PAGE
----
Department of Earth Science |Northeastern Illinois University

PRINCIPLES OF HYDROGEOLOGY
ESCI 337
Fall, 2005

What should you bring to this course?

If you are an undergraduate, you should come into this course with the ability to do the following:

w List the three major classes of rocks.
w List two types of rock that belong to each of the major classes, and give examples of each.
w List the major types of sediments in order of descending grain size.
w Tell what type of rock each type of sediment would form, if lithified.
w Draw a diagram illustrating the processes and products of the rock cycle.
w Name and describe the two major types of weathering processes.
w List and describe three major types of glacial deposits, and describe how they form.

w Use a topographic map to investigate and describe the topography of an area.
w Use a topographic map to determine what direction a stream flows.
w Use a topographic map to tell what direction is downhill from a given point.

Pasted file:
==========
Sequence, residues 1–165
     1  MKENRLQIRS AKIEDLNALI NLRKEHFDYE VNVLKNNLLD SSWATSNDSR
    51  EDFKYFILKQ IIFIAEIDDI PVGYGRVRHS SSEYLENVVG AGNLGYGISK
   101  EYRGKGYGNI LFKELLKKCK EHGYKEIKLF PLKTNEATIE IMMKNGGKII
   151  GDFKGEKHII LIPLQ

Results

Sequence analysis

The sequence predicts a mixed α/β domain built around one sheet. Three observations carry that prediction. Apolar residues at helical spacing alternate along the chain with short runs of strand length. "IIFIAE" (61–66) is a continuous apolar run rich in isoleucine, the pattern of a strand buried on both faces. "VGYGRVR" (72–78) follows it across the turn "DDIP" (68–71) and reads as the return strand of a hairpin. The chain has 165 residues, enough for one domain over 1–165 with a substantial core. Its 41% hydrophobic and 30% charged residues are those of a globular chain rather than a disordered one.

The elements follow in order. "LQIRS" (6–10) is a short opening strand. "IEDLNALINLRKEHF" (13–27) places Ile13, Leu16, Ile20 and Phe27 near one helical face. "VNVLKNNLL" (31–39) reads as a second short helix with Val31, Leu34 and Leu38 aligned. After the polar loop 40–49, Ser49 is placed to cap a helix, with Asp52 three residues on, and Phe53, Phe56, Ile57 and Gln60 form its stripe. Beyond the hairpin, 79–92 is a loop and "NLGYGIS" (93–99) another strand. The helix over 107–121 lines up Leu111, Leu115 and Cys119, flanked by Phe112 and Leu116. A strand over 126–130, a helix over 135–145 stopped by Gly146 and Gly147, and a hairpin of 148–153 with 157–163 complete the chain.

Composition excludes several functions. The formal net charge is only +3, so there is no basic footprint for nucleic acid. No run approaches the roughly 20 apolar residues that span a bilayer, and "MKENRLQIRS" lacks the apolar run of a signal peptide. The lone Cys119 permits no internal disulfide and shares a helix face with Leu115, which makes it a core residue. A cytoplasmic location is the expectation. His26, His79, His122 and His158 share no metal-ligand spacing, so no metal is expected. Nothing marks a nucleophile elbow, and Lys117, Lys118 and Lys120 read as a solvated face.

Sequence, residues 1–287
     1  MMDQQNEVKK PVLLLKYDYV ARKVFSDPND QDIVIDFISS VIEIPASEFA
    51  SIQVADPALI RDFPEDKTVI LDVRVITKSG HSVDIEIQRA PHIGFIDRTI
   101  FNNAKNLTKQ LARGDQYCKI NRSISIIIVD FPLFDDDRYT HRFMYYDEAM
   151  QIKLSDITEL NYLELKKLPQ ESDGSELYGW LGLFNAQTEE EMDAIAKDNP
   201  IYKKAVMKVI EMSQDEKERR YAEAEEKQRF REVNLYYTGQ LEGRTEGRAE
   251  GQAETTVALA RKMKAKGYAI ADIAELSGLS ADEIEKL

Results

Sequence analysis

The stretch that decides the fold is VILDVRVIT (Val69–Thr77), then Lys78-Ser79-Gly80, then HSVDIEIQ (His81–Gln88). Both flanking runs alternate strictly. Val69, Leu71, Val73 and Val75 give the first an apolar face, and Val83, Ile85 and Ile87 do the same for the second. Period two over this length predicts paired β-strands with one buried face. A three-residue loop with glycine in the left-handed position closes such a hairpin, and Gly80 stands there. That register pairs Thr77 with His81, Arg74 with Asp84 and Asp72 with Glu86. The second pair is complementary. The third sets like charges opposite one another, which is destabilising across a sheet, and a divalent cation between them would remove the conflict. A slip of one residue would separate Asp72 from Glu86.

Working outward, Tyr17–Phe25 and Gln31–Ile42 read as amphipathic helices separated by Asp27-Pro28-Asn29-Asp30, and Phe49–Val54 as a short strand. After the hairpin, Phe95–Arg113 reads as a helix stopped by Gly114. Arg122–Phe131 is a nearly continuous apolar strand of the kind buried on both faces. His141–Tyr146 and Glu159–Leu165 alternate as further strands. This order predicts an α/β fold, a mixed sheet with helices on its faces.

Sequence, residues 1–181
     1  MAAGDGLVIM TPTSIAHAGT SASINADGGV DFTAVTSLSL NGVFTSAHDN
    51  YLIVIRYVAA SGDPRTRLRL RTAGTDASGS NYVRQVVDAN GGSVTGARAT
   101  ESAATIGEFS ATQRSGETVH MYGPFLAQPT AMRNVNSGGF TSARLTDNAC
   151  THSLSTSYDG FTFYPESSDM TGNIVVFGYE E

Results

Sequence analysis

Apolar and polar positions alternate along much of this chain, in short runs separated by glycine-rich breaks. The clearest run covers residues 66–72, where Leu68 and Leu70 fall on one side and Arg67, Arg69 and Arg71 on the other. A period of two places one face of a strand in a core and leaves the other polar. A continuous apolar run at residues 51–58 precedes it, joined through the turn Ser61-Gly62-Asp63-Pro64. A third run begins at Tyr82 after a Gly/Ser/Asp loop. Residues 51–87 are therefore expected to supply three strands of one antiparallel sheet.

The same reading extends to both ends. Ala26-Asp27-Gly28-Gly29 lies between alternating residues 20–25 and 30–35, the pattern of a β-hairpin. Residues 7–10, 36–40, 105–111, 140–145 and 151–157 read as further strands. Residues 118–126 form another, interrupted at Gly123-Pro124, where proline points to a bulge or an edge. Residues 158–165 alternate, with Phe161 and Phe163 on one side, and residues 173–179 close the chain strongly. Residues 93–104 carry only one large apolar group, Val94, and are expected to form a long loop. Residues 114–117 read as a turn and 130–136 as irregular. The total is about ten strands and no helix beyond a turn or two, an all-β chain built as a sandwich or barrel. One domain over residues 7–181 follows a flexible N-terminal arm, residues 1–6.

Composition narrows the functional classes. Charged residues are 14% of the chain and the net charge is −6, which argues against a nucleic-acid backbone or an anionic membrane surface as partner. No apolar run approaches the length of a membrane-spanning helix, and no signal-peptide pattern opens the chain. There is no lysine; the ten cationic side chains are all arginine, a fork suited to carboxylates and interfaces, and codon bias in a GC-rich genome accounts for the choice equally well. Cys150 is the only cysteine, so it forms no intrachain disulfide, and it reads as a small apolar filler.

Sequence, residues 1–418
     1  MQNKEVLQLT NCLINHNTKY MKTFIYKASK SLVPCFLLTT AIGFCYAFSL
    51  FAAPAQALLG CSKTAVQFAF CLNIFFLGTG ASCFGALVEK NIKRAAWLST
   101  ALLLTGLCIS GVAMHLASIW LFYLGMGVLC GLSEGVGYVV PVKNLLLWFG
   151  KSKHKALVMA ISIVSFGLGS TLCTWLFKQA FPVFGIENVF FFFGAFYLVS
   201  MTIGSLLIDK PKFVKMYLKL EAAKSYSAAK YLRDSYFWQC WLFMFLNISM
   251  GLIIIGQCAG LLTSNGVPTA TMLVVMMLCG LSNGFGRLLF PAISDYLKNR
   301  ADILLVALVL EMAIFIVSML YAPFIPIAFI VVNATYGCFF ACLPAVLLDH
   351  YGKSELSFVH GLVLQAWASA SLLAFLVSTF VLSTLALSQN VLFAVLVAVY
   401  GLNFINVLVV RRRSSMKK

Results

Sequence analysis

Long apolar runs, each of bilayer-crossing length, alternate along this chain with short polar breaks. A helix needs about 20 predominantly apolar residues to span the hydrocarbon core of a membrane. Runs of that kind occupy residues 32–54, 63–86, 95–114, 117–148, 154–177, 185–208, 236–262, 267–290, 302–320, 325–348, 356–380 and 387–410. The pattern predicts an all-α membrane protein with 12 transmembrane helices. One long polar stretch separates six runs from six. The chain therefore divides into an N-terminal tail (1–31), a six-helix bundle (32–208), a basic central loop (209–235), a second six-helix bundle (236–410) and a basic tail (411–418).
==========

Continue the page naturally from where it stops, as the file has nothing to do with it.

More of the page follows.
w Given elevation values at several data points, construct a simple topographic contour map.
w Given a point on a map, use the Public Land Survey system (Township, Range, and Section) to tell its
geographic location.
w Given the Township, Range, and Section of a point, plot it on a topographic map.
w Use a topographic map to construct a topographic profile.

w Give and use the geometric formulas for area of a rectangle, triangle, and circle.
w Give and use the geometric formulas for the volume of a rectangular solid and a cylinder.
w Give the general formula for a graph of a straight line and explain what each variable in the formula means.
w Given a simple algebraic formula containing several variables, rearrange the formula to solve for each variable.  (For example, if 2y = 3x + 5, rearrange the formula to solve for x, and then rearrange it to solve for y.)
w Write a number both in scientific notation and in normal format.
w Raise a number to an exponential power.

Grad students are expected to have a deeper understanding of stratigraphy (in particular glacial geologic stratigraphy); the geologic time scale; interpretation of geologic history of an area from geologic data such as maps, drillhole data, and outcrop descriptions; methods for constructing and reading geologic cross sections; use of geologic maps; construction and use of topographic maps; algebraic manipulation; use of logarithms; graphing; and basic calculus notation.

Department of Earth Science | Northeastern Illinois University

© 2005 Laura L. Sanders.  Last updated August 29, 2005.